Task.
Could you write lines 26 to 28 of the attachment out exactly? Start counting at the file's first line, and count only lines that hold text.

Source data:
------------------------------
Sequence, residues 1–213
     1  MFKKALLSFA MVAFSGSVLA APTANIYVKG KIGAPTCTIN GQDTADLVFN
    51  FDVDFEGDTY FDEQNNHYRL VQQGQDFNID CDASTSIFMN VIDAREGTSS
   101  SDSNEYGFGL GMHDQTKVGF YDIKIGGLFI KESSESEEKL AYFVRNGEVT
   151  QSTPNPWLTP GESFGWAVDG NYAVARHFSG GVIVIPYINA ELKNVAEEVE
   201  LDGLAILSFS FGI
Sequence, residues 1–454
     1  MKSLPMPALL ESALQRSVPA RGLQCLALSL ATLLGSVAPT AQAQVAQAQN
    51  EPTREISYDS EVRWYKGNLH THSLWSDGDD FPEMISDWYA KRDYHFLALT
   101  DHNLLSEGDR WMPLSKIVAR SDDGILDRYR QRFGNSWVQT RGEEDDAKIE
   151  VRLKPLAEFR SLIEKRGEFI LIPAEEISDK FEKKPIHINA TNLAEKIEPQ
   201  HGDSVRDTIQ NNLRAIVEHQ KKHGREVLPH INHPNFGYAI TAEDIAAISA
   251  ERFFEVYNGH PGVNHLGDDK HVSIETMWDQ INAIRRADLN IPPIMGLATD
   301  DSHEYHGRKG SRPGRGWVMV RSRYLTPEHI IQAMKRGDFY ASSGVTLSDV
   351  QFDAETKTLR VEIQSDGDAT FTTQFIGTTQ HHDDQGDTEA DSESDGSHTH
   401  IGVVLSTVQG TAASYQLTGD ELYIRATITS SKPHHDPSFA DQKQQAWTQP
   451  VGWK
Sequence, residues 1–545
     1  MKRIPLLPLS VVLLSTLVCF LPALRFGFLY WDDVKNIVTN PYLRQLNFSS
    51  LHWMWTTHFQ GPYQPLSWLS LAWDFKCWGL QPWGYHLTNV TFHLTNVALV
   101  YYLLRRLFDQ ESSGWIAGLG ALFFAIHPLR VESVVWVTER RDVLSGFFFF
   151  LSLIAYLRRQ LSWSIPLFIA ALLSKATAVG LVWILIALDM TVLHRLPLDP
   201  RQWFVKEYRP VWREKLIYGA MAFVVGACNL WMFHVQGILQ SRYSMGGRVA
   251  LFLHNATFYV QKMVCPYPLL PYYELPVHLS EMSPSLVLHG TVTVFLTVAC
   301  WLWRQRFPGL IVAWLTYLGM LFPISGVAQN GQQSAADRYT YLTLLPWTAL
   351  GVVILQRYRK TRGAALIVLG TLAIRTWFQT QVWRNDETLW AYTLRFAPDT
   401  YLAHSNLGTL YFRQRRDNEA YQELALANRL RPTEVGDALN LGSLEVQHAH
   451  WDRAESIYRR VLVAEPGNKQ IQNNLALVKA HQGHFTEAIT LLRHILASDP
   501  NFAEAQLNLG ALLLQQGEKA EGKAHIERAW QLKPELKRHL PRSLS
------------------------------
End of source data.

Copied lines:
   351  GVVILQRYRK TRGAALIVLG TLAIRTWFQT QVWRNDETLW AYTLRFAPDT
   401  YLAHSNLGTL YFRQRRDNEA YQELALANRL RPTEVGDALN LGSLEVQHAH
   451  WDRAESIYRR VLVAEPGNKQ IQNNLALVKA HQGHFTEAIT LLRHILASDP